Edgework for polished concrete can be difficult to perform. Even with best practices, the edges many times won’t look like the rest of the floor. There are many variables in concrete construction you can’t control. Variables such as whether the walls are built before or after the pour, whether the finisher used a small power trowel and consolidated the edges, or whether the edges were hand troweled.
Hand finishing simply can’t put the same amount of pressure on a blade. Hands don’t move as fast or in as perfect a pattern as something mechanical. Therefore, doing all the best practices becomes even more important!
Make sure your tooling is flat when placed on the concrete. When the grinder isn’t under power, rocking tells you the segments have worn unevenly. To get a uniform cut and scratch pattern, you must start with uniform tooling.
Next check the grinder itself to ensure the equipment is running well. Hand grinders are notorious for overheating and burning out due to poor air circulation from dust/dirt collecting at the air intake. They also overheat because we tend to smother them with our hands to produce greater down pressure.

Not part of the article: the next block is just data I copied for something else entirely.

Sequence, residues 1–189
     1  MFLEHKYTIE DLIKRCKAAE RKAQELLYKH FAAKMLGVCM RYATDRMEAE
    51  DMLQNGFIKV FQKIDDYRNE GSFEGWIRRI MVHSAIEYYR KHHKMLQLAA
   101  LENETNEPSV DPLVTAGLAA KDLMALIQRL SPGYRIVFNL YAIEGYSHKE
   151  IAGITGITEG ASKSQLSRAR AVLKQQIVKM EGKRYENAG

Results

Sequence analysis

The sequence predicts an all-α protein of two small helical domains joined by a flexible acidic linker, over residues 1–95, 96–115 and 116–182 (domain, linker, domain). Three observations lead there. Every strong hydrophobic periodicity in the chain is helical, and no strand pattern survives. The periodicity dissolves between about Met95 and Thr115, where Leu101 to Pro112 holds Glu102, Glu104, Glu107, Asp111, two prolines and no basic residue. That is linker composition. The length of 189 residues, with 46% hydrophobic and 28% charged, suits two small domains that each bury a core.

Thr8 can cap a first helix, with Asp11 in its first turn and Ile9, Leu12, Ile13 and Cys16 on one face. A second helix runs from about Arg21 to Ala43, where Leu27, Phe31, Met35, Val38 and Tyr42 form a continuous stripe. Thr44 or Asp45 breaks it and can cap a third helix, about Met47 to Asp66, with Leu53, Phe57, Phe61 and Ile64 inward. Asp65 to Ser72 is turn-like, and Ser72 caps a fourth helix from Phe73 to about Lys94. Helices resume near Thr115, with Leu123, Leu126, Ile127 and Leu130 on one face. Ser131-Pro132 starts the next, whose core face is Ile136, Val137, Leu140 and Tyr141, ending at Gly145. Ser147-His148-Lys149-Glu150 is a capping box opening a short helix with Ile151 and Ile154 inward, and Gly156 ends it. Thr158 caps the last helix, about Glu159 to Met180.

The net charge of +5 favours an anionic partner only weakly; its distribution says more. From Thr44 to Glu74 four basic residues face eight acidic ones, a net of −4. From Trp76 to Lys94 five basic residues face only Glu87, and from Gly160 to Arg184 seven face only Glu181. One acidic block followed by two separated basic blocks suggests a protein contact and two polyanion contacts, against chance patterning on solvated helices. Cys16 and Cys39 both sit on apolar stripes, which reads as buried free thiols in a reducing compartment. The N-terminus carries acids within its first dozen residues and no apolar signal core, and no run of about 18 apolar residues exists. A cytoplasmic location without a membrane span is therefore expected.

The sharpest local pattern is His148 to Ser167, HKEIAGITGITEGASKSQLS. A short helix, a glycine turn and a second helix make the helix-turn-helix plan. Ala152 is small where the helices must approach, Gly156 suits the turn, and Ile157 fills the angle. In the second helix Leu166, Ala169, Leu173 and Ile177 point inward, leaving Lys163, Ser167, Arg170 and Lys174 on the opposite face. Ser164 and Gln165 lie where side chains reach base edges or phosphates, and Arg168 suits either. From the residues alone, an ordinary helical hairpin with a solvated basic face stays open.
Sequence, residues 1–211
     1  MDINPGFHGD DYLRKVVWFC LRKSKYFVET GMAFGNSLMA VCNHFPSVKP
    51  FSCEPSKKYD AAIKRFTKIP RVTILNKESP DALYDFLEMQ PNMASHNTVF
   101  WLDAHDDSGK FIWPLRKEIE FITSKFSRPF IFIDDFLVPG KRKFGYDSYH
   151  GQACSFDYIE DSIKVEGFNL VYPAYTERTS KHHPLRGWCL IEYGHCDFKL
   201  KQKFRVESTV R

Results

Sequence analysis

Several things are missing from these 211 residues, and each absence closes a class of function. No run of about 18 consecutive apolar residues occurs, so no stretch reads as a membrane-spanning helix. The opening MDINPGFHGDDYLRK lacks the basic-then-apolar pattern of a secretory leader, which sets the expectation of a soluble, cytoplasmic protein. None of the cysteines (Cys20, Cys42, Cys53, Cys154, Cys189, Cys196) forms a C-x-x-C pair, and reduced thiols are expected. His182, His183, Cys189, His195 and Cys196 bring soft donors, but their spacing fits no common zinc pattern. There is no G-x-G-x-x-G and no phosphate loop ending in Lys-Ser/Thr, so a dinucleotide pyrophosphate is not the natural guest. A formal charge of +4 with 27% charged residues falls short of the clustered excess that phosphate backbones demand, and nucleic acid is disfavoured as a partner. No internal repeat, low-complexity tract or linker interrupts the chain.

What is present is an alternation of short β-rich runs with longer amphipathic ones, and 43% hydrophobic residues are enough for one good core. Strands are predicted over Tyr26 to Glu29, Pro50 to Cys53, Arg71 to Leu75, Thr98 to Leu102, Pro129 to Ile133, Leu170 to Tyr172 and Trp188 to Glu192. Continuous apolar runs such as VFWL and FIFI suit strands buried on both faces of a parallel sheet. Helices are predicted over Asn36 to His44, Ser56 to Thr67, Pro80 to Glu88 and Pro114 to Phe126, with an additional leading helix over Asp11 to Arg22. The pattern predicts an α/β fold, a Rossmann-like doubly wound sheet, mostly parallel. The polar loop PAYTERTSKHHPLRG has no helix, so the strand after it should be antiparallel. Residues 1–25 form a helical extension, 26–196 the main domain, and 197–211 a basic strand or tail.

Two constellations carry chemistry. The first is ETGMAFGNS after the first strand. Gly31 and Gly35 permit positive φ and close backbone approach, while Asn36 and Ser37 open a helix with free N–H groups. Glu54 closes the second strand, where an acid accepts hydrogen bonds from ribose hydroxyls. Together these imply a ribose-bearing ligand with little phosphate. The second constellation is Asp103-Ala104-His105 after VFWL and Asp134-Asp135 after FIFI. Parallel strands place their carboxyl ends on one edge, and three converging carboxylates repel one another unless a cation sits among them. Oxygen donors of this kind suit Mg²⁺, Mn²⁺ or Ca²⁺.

Proper edging technique
Although many people do this differently, the most common edging method is to start by moving along the wall from left to right. Next, come back along the wall (right to left) in the same path. Then go along the wall (left to right) one more time.
This time, as you travel back from right to left, do a circular motion that will encompass another two-thirds or more of that path’s width. This will blend or erase the strong line created during your parallel motions.
Now, when the larger-format grinder heads into that wall/object/whatever, the grinder will work into that edge grinder path, further erasing that path along the wall. The goal is to blend the floor into the edge so well that an untrained eye can’t tell the difference.
Here’s the tip
The exception to this golden rule — “edge before floor” — is when there’s a coating, patch material or adhesive to remove. In these cases, it’s better to let your large-format grinder do most of the removal (within a few inches of the wall).
This is because the hand grinder or edger wasn’t designed to have the power/torque to muster through that extra layer. When some of the layer is removed, the edging will go much faster and the result will be much more uniform.
Once you remove the layer, you must catch up by doing the next grit of edges before moving forward! Remember edge before floor for every grit.